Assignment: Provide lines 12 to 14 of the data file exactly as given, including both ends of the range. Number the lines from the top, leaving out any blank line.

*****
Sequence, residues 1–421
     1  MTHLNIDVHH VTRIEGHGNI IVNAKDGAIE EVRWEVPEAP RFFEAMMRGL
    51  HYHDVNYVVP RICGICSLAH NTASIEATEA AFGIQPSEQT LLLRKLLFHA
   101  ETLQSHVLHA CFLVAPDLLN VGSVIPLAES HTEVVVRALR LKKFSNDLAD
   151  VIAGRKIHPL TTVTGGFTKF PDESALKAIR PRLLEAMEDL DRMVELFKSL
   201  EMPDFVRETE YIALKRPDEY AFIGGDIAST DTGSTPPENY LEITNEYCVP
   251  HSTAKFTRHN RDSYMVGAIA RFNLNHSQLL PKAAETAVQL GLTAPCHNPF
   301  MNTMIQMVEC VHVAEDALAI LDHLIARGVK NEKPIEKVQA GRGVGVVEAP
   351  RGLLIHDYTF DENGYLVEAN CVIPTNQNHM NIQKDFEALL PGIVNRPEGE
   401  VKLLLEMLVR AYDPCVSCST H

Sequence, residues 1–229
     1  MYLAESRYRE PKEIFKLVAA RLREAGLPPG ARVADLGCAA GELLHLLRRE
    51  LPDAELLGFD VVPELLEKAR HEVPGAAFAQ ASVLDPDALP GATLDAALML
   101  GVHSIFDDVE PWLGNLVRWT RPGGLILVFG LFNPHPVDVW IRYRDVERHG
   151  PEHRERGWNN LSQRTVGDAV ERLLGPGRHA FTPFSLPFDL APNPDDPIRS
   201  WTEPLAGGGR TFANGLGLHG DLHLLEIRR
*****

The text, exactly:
     1  MYLAESRYRE PKEIFKLVAA RLREAGLPPG ARVADLGCAA GELLHLLRRE
    51  LPDAELLGFD VVPELLEKAR HEVPGAAFAQ ASVLDPDALP GATLDAALML
   101  GVHSIFDDVE PWLGNLVRWT RPGGLILVFG LFNPHPVDVW IRYRDVERHG